Kx Product Insights: Phishing Alert

27 Nov 2018 | , , ,
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By Thomas Walsh

Kx has a broad list of products and solutions built on the time-series database platform kdb+ that capitalize on its high-performance capabilities when analyzing very large datasets.

Kx for Surveillance is a robust platform widely used by financial institutions for monitoring trades for regulatory compliance. The Surveillance platform instantly detects known trading violations like layering, spoofing or marking the close. Customers can calibrate their parameters in real time to improve their detection quality and accuracy. The flexibility of the historical database and replay engine eases retrospective investigation for new types of fraudulent behavior and suspicious activity.

In this series, we take a look at what makes Surveillance for Kx such a powerful tool for detecting market manipulation. This second article in the series takes a close look at phishing. 

 

Phishing is known as “executing orders to trade, or a series of orders to trade, in order to uncover orders of other participants, and then entering an order to trade to take advantage of the information obtained”.[1] In the context of market trading, this manipulation can take the form of an entity placing small orders on both sides of the market to test the liquidity of the market by analyzing  on how quickly their orders are filled or remain in the market. The motivation is to uncover orders of other market participants and take advantage of them.

A consequence of this abuse is that it could temporarily alter the order book in the entity’s favor, allowing for a position at a price better than would have occurred in an orderly market, opposite to the ‘phishing’ order set if a latent interest is identified. The strategy is typically observed in securities with low liquidity (e.g. OTC) where price manipulation is easier to achieve as low volumes of trading means that it is easier to alter the price without needing to trade a large amount.

The manipulation occurs over a short period of time.  This gives the market less time to revert to normal and reduces the probability that other entities may take similar advantage of the favorable market conditions (the exploitation of the timing of private and public data flows can be critical here).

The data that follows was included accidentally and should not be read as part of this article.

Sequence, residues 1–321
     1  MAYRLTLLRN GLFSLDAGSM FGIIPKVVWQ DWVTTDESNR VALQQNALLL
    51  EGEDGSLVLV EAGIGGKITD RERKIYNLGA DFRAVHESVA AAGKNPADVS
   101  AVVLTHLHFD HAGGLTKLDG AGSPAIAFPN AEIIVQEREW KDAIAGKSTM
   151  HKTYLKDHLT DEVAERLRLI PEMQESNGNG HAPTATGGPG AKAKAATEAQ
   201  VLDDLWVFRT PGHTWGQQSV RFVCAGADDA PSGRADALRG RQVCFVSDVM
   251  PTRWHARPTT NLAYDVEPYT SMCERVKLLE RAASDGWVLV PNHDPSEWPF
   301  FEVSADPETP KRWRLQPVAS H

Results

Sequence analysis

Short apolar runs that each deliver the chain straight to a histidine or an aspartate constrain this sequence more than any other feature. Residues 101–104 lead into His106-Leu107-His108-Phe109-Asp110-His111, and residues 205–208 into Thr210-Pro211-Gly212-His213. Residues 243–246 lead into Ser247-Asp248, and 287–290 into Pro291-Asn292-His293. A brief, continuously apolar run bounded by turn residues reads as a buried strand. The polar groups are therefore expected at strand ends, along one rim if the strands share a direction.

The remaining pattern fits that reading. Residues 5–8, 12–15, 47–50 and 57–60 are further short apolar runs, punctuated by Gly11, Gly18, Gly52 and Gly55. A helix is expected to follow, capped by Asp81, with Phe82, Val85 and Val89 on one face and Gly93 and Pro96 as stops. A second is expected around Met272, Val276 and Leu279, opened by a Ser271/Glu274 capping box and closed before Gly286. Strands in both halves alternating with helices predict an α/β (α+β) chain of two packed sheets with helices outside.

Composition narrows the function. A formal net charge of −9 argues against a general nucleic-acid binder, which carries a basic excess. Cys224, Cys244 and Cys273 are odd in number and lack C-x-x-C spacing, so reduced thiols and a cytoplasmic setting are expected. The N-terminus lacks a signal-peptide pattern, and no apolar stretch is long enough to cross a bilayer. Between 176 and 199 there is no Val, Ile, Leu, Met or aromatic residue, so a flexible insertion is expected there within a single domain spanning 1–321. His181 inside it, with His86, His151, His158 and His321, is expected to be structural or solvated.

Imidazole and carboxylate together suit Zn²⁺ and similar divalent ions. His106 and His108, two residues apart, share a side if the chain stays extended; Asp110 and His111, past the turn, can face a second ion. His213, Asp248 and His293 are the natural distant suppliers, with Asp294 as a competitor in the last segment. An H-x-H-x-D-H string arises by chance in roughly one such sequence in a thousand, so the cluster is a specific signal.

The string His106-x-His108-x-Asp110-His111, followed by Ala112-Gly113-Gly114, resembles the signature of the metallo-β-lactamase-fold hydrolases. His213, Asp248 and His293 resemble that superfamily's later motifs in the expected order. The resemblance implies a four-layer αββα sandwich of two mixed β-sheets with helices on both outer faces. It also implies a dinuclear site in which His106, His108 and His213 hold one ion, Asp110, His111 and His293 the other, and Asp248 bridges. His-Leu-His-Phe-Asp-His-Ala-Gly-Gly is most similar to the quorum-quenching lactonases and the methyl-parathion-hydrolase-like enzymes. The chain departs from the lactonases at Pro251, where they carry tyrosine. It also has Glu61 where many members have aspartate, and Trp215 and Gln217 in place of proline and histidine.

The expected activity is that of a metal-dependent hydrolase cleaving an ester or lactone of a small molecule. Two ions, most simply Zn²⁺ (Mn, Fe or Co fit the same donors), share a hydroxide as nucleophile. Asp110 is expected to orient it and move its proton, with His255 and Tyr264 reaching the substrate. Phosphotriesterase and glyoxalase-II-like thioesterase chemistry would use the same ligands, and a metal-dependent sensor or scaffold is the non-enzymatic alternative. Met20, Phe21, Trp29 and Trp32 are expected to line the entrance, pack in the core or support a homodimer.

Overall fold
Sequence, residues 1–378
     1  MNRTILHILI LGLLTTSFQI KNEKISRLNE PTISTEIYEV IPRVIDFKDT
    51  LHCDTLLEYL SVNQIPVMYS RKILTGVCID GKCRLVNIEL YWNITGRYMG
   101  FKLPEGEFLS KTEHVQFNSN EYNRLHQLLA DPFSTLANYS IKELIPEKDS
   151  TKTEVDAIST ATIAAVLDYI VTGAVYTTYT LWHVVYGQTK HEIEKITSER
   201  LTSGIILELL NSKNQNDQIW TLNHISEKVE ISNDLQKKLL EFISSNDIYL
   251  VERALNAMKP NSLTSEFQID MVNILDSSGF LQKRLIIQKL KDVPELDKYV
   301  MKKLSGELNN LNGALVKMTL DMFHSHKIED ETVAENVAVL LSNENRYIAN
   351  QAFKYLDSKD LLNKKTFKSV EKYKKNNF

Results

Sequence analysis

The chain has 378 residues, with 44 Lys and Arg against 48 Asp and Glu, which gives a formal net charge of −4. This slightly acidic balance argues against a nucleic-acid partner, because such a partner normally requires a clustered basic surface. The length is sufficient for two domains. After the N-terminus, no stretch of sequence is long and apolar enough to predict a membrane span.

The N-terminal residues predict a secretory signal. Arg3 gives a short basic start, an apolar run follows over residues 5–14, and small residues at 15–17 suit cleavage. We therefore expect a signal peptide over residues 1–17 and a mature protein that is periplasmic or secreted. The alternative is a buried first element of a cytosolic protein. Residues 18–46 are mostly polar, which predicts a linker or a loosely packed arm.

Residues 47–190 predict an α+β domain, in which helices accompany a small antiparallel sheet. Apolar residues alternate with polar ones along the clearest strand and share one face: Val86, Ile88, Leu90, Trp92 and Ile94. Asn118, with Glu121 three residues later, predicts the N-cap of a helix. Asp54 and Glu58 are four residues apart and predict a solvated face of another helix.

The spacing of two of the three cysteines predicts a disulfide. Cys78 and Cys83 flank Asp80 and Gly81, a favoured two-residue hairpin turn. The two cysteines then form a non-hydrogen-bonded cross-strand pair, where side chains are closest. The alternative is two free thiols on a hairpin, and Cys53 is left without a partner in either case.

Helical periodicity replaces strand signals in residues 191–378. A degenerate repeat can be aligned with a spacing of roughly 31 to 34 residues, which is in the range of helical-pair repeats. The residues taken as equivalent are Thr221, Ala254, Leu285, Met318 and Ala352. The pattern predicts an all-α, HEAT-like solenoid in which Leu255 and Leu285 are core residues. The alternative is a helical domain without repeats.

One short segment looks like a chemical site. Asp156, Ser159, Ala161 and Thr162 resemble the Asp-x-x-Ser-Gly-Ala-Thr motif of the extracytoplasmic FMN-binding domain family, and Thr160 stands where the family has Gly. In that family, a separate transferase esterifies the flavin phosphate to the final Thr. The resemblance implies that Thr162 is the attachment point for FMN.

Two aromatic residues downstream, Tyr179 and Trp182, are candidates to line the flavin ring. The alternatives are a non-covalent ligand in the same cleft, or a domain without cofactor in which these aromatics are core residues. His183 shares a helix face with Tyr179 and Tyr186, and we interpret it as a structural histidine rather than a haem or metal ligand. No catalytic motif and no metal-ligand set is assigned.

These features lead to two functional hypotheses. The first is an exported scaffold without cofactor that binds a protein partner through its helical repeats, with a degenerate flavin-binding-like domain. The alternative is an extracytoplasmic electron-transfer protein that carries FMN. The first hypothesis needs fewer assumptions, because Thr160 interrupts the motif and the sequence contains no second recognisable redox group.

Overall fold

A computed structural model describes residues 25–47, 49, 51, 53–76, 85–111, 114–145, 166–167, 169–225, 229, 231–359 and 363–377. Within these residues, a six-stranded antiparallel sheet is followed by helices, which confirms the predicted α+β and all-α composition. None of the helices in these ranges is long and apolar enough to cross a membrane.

The figure below demonstrates a potential instance of this type of market manipulation:

The top chart of the Investigation screen shows order execution alongside national market activity (including Best Bid and Offer); the lower chart tracks order volume alongside the net position for the trader-of-interest. The combination of these two charts allows an analyst to very easily see the landscape of the market and then decide whether the entities behavior was intentionally manipulative.

In the above scenario, the entity began the manipulation using a series of six small buy orders (all under 100 shares) to determine the market price (illustrated as green bubbles in the top graph).

Once established, the entity then proceeded to enter a series of small, aggressive sell orders to drive down this price. Typically, these orders are at or below the best bid (red bubble). The intention of this manipulation could be to create a large divergence between the National Bid and Offer. This series of trades can also reveal how liquid the market is by how quickly the orders were filled.

In the example above, the entity can then quickly take advantage by entering a set of (four) large buy orders within a short space of time; these orders execute at a significantly lower price than when first entered at their initial pinging order – a price advantage of about $1.40. The volume graph shows the entity’s net position hovered around zero for the majority of the investigation period; therefore the entity was not taking a meaningful position in the market up until the point the large orders were entered.

In the Kx solution, the surveillance pattern works backwards by first identifying large orders or clusters of orders that when summed break set volume thresholds. Once identified, the pattern checks the entity’s orders prior to the breach.

The performance of the kdb+ database facilitates nanosecond (if available data allows it) analysis of every individual event, private and market. The amount of dislocation of the tape /quote is checked and a determination made whether the entity’s orders were active or reactive in relation to market movement; for example, by verifying their aggressiveness in respect to the best bid/offer. If their orders were aggressive and significant dislocation occurred, the activity will be flagged as suspicious.

The value of what a large/small order is can either be set to be a default or can be calculated via benchmarking on a per entity+sym basis. Benchmarking is the utilization of historical data in order to obtain a tailored threshold value for each entity value based on their normal trading characteristics.

Finally, the surveillance pattern also looks for multiple instances of this activity throughout the trading day in order to raise an alert. One reason for this is that the volumes traded during one instance can be quite low and therefore the potential profit is not significant. In contrast, multiple occurrences would result in higher potential profits, along with stronger evidence that the entity is deliberately attempting to manipulate the market utilizing the practice of phishing.

For more information on Kx for Surveillance and its functionality please click on the links below.

 

[1] European Securities and Markets Authority – ESMA’s technical advice on possible delegated acts concerning the Market Abuse Regulation – 2015 – https://www.esma.europa.eu/sites/default/files/library/2015/11/2015-224.pdf

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